Tax dodging

Harmonizing EU tax rules is good but commitment to tackle race to the bottom is a must

27 October Oct 2016 1036 27 October 2016

Oxfam welcomes the Commission's efforts to make taxation fairer and more effective in the EU, the fight against tax evasion and avoidance, and to close loopholes between EU countries and non-EU countries

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Oxfam welcomes the Commission's efforts to make taxation fairer and more effective in the EU, the fight against tax evasion and avoidance, and to close loopholes between EU countries and non-EU countries

The European Commission released its fourth package to combat tax evasion and tax avoidance. This corporate tax reform package notably includes a proposal to harmonize the tax base among EU 28 member states. Called the Common Consolidated Corporate Tax Base (CCCTB), it undoubtedly shows the willingness of the European Commission to remain a key stakeholder in the fight against tax-dodging, as member states compete on both the corporate tax base and the corporate tax rate.

“Oxfam supports the ongoing efforts of the European Commission to reopen discussions on tax base harmonization and to push ahead in the fight against tax avoidance. The complexity and dysfunctions of tax policies among countries are used like a loophole by multinationals, reducing their tax bills to a minimum. A common tax base, and later on a consolidated tax base, would simplify tax rules and prevent companies being able to shift their profits around, especially to tax havens» said Aurore Chardonnet, Oxfam International EU Policy Advisor on Inequality and Taxation.

«Despite some worrying new elements, the first phase of this tax base harmonization – the CCTB – would be an improvement to the current situation. But this will not address the tax race to the bottom and could even increase the ongoing tax rate competition if both issues are not tackled simultaneously. That is why Oxfam is asking the Council of Finance Ministers [ECOFIN] to come up with objective criteria to set an effective and coherent list of tax havens that includes countermeasures. The agency also requests the European Commission to propose ways to combat harmful tax practices.Tax discrepancies among member states seem so high now that the EU might need years to agree on this new package. Regardless, Oxfam urges EU institutions and EU governments to act swiftly» she added.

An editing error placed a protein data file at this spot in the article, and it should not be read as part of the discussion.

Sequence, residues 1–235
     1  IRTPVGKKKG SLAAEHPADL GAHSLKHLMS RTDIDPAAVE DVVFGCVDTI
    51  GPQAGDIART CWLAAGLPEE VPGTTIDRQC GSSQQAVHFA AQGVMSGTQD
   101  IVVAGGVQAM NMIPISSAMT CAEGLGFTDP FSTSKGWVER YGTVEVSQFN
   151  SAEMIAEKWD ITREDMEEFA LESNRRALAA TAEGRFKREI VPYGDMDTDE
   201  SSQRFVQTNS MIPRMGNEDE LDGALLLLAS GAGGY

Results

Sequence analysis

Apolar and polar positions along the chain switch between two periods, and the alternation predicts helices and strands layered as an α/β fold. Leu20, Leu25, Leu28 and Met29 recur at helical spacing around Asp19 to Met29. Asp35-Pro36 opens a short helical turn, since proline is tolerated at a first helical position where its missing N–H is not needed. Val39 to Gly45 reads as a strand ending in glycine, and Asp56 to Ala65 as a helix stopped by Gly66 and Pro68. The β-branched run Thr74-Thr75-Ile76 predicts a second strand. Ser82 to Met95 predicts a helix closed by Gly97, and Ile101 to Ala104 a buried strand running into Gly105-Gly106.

Background information:

  • A first proposal for CCCTB was issued in 2011 and failed to be adopted by EU countries. This time, the European Commission proposes a 2 steps approach involving first harmonizing rules to calculate what to tax and a second phase implying taxable profits are no longer determined at the level of individual member states, but for the EU as a whole (consolidation).
  • The CCTB (phase 1) contains some worrying elements such as notional interests (Allowance for Growth and Investment), a super deduction for R&D costs and a cross border loss relief mechanism allowing offsetting losses across countries.
  • In January 2016 the European Commission released the Anti-Tax Avoidance Package (ATAP) bringing together initiatives aiming at enhancing effective taxation and transparency in the European Union and beyond. The package draws most of its inspiration on the Base Erosion and Profit Shifting (BEPS) project on international tax reforms launched by the Organization for Economic Cooperation and Development (OECD) in 2013.
  • In November 2015, Oxfam and three other organizations jointly published "Still Broken: Governments must do more to fix the international corporate tax system", a briefing note that points out why the OECD BEPS package is not enough and calls for a more effective approach against corporate tax havens. The briefing note shows how much countries are losing revenues for not adopting a more cooperative approach on tax.
  • In March 2015, Oxfam published “Pulling the Plug – How to stop corporate tax dodging in Europe and beyond”, a briefing note that explores some of the ways to fight corporate tax avoidance in the European Union and explains why it is vital for the EU to adopt legislation against tax dodging as soon as possible.

Cover Photo: JOHN THYS/AFP/Getty Images

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